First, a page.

CLAHRC researchers enjoyed success at the recent Public Health England Annual Conference in Warwick.
They were among the authors of an award winning poster representing our partnership work with Islington Council.
We are working with the borough as it seeks to link NHS data with its own datasets to build a clearer picture of local population needs and better target services and interventions.
Linking these sources of data can build a picture of how social determinants of health – the conditions in which people are born, grow, live, work and age – might impact on residents’ wellbeing and use of health services. Examples would include how housing conditions impact on hospital admissions or how serious childhood illnesses could affect school attendance and attainment.
The poster was presented by Laura Scott, Principal Data Specialist at Islington Council and highlights how 90 data sources within the council are being joined up, already proving valuable in understanding local risk factors for ill health and improving access to services.
Islington insights population register: linking council data to understand local population needs for a fairer, healthier society
Laura Scott, Helen McDonald, Mahnaz Shaukat, Lawrence Vandervoort, Logan Robertson, Jessica Sheringham, Sarah Dougan
Over 1500 participants visited the PHE annual conference representing a wide range of organisations working to improve the health of the public.
The CLAHRC’s Dr Jessica Sheringham (Senior Research Associate) was an author of the poster chosen from over 350 submitted – the award was presented at the conference dinner.
The project is funded by the Health Foundationas part of its Advancing Applied Analytics programme, aimed at improving analytical capability in support of health and care services.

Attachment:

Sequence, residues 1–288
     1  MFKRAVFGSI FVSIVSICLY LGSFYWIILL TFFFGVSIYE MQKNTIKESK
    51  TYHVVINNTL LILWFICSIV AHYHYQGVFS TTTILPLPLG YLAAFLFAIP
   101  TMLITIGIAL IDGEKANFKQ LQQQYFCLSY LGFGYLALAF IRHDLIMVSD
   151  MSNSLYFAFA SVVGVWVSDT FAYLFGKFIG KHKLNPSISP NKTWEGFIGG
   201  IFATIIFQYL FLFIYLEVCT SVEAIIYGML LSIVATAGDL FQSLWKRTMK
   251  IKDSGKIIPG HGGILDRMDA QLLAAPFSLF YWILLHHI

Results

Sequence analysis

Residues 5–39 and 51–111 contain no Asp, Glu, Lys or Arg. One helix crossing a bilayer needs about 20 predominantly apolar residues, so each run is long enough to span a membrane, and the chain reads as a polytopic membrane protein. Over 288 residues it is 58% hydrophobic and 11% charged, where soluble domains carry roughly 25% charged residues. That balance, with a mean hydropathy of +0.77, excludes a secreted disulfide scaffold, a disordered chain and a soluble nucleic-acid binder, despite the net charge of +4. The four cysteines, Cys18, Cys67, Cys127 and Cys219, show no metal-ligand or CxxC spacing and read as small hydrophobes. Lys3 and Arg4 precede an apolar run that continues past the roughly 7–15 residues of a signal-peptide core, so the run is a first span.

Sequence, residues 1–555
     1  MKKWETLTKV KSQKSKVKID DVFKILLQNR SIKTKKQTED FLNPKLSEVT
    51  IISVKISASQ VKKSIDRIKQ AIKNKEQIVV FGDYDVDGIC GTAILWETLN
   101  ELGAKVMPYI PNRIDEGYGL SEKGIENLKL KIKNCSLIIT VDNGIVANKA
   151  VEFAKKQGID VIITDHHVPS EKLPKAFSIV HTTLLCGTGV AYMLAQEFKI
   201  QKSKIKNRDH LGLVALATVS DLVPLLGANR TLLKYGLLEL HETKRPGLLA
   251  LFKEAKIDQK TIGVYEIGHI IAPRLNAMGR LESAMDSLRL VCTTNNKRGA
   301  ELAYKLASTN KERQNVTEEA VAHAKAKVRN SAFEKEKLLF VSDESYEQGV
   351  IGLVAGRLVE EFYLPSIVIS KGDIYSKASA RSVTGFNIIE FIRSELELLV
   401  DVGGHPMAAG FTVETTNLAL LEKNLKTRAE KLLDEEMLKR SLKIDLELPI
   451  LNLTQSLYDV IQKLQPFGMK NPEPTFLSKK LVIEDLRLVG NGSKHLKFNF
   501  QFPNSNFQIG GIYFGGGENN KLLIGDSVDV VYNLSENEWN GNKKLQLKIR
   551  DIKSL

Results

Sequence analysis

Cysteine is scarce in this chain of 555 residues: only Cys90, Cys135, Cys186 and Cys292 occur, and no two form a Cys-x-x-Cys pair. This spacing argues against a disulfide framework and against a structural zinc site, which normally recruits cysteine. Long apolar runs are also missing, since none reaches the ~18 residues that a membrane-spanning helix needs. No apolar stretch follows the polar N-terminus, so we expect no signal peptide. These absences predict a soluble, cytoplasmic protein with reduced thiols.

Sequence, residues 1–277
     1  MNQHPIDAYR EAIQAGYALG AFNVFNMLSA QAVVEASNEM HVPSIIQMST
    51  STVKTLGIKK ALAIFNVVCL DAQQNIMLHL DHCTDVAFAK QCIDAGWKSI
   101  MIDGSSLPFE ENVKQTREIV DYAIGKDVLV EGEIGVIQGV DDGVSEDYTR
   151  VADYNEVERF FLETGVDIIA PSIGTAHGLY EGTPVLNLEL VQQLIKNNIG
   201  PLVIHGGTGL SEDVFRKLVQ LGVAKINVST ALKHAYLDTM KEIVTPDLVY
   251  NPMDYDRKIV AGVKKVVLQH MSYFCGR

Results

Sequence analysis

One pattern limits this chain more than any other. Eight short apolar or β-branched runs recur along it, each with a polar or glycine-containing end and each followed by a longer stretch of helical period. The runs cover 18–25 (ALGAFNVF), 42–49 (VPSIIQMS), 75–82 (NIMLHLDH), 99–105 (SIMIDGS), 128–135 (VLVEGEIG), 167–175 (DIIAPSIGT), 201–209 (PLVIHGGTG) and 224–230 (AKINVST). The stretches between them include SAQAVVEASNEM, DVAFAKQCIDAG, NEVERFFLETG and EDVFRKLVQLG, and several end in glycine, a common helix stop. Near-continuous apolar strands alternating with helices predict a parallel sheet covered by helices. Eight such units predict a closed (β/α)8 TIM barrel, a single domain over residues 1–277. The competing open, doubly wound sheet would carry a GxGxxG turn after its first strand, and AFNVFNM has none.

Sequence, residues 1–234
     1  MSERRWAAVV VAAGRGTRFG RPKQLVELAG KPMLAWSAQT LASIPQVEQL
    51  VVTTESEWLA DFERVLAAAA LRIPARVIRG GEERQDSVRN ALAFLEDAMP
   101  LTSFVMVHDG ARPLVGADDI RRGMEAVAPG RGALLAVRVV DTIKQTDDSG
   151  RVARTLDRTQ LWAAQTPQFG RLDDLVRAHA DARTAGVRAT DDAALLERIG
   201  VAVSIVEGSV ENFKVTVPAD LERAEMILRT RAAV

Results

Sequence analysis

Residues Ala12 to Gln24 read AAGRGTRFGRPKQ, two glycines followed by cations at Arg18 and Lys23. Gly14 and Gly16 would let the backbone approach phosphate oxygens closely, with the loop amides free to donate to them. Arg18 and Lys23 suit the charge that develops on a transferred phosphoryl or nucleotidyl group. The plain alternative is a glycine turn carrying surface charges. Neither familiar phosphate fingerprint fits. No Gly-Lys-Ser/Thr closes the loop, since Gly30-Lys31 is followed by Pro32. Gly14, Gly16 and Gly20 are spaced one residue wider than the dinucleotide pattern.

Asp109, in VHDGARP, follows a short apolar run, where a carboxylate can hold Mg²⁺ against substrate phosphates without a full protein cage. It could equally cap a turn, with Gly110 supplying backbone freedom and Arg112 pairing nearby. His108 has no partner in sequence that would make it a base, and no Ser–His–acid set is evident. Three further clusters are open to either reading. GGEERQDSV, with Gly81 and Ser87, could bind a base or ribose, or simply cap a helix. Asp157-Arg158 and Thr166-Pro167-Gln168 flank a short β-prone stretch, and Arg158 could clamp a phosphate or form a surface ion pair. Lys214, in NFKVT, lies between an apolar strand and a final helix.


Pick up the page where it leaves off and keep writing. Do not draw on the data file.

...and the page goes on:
Read more about this work via the link below
The Mayor of London, Sadiq Khan has launched a programme to improve the self-management of asthma by school children in the Capital. My Asthma in School was developed by CLAHRC researchers based at the Blizard Institute within Queen Mary University of London.
The programme uses educational workshops and theatre performance to improve asthma control and peer support for asthma in London secondary school.
Asthma affects approximately one in 11 children and young people in the UK; and young people with asthma have higher rates of school absences and visits to their doctor or the hospital. According to the data collected for the study, nearly half of young people (aged 11-18 years) with asthma did not have control over their condition.
Dr Gioia Mosler, Outreach and Learning Manager for the ‘My asthma in school project’, said:
“The number of deaths from asthma in the UK rank among the highest in the EU. Many of these deaths could be prevented with better self-management.”
She added: “Improving the ability and motivation to self-manage asthma gives many young asthma sufferers the opportunity to improve their asthma control. As a result they would suffer less from common symptoms like coughing at night or breathlessness.”
My asthma in School is one of the first school-based interventions for asthma self-management in the UK. Similar trials have been undertaken outside the UK, however, given that the health and education systems differ, results from these interventions may not be transferable to a UK setting.
The programme has been approved and supported by Sadiq Khan, Mayor of London. Mayor Khan was himself diagnosed with the conditon as an adult – which he attributes to London’s poor air quality and pollution levels.
He said: “The Greater London Authority and I believe that the ‘My Asthma in School’ programme is likely to promote the necessary education young people require to effectively self-manage their asthma.”
He added: “I encourage all London secondary schools to take part in this programme.”
Using behavioural change theories as a framework, researchers have developed a variety of engaging and entertaining media, such as apps, videos, and interactive games.
The intervention includes an interactive theatre performance (below), lasting approximately two hours, to help raise awareness of asthma among peers. The performance has been developed with partners at Greenwich and Lewisham Young People’s Theatre.
Dr Mosler added: “The theatre intervention addresses asthma from a new angle, focusing on peer awareness and support around young people with asthma. The questionnaire data we collected during phase one showed many barriers related to a perceived stigma around asthma. The theatre intervention addresses stigma around asthma in the peer group.”
The intervention will be trialled in London during the next few months. Given a positive result of this intervention it could be adopted as a wider programme to improve asthma in young people.
The programme is run as part of the My Health in School initiative which aims to improve life and health of young people at school. The team works with Professor Jonathan Grigg, who leads several studies about asthma and lung health in children and young people.